Thank so much for your replies - really gave me food for thought. 

I think one mistake I made , which I won't do again , is have my agent send me listings he hasn't seen . 

Had totally different idea of house after he told me what he saw !

I am not sure that an agent is going to actually take a look at all of the listings before sending them to you. I can't imagine that.

As an agent myself as well as an investor... 1. The agent has been very right to purchase the property if you pass on it. 2. An agent will NOT go and preview every property for you. That’s a huge time suck and expensive both in time and other costs... if you are interested in a certain property I would preview it at that point but not every property. 3. He hasn’t made the offer yet so if you are interested put an offer in. I would not use a different agent however and if you have a buyers agency contract with this agent you would owe him commission anyways if you did use another agent. Just tell him u re-evaluated it and are interested in it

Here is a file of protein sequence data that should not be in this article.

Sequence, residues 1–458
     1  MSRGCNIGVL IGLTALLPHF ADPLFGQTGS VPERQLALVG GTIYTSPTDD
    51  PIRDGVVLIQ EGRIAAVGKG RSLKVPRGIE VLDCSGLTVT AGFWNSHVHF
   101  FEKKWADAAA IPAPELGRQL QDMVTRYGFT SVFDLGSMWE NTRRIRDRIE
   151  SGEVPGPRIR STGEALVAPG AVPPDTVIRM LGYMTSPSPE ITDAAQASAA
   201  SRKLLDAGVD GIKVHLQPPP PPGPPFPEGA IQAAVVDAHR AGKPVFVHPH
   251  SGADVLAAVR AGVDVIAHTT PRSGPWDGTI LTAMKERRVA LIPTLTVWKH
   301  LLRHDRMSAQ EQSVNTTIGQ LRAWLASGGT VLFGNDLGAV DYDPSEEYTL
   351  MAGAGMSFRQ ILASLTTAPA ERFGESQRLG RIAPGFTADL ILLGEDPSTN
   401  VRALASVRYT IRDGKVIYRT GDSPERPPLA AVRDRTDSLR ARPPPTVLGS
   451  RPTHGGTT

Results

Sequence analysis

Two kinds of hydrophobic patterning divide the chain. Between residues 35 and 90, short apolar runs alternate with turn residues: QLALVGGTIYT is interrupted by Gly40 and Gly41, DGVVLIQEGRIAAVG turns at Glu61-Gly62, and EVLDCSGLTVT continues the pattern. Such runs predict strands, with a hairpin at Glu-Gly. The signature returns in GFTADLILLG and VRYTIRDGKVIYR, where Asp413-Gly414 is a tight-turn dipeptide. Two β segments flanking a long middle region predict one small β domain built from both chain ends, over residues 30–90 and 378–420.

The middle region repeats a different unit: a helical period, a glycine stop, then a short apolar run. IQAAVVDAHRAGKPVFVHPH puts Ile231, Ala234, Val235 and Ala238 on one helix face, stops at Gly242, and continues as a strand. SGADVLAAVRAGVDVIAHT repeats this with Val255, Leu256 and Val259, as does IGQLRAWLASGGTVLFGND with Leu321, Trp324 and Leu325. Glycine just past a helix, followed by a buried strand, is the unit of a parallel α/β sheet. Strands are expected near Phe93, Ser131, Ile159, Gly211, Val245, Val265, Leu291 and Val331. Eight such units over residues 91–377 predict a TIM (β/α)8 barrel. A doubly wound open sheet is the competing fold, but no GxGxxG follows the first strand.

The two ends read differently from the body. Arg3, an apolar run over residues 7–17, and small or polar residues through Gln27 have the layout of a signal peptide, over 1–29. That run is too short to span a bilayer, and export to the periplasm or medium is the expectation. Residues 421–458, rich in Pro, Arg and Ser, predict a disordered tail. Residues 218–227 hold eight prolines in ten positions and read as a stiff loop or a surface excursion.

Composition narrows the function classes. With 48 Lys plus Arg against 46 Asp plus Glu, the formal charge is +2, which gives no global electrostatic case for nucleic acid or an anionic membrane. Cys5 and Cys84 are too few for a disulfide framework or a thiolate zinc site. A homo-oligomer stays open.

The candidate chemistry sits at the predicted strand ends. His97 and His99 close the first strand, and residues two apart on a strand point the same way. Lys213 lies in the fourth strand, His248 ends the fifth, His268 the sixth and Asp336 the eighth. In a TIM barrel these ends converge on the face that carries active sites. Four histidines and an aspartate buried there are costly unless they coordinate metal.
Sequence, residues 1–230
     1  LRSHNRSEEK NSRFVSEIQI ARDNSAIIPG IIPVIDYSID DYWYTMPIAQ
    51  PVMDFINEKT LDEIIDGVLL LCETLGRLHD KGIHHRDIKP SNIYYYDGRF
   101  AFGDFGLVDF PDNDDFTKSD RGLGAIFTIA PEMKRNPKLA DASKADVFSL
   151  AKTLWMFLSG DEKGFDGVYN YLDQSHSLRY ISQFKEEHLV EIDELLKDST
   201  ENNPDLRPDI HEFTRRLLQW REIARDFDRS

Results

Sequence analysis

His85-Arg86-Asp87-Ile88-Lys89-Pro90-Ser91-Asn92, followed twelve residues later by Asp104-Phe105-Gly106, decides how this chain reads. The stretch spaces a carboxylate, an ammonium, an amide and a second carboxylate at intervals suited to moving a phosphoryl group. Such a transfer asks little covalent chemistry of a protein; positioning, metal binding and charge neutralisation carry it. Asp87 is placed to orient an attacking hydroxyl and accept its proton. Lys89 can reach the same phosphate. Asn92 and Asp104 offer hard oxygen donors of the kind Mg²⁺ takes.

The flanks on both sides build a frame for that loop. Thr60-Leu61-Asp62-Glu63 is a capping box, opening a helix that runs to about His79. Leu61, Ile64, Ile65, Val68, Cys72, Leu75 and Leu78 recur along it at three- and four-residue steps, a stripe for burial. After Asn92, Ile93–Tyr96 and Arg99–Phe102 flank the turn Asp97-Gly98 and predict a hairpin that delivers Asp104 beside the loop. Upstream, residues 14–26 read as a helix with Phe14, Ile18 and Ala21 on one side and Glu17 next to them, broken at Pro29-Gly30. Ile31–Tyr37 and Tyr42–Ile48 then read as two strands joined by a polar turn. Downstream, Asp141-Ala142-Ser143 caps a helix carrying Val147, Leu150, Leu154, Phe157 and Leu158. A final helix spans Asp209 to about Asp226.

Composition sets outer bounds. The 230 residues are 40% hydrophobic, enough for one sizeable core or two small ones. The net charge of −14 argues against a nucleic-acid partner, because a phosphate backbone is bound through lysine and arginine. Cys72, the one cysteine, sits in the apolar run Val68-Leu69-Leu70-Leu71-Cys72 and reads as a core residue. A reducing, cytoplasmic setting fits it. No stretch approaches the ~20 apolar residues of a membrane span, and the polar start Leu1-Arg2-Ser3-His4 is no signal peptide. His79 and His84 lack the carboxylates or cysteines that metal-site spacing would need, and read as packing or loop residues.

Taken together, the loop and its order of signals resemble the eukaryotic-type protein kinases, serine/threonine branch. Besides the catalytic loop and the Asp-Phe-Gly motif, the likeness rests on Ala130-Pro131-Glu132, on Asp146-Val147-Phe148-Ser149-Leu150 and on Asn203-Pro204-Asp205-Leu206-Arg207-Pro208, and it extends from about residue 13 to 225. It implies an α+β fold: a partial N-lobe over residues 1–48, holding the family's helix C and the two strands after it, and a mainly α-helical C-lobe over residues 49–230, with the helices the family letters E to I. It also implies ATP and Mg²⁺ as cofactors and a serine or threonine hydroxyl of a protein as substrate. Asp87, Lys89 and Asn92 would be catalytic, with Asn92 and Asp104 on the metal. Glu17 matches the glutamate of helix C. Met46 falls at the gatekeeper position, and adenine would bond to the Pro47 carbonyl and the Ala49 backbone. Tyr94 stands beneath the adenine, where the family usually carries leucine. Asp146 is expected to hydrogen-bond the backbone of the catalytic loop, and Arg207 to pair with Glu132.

I do not see any ethical dilemma here, he even told you that he was doing this. It sounds on the up and up to me.

@Marci Stein - is there an opportunity for you to partner with your realtor on this deal vs competing for it?

I’m guessing there are a lot of details missing here, but this sounds more like FOMO based on the described fact pattern. If you analyzed the deal and ran the numbers based on your goals/objectives, and the deal didn’t seem good, it doesn’t suddenly become good for you because your realtor wants it. Of course some deals are objectively bad/good, but many deals that work for some investors wouldn’t be acceptable for others. There will be more properties to analyze in the future that you won’t want to pass on.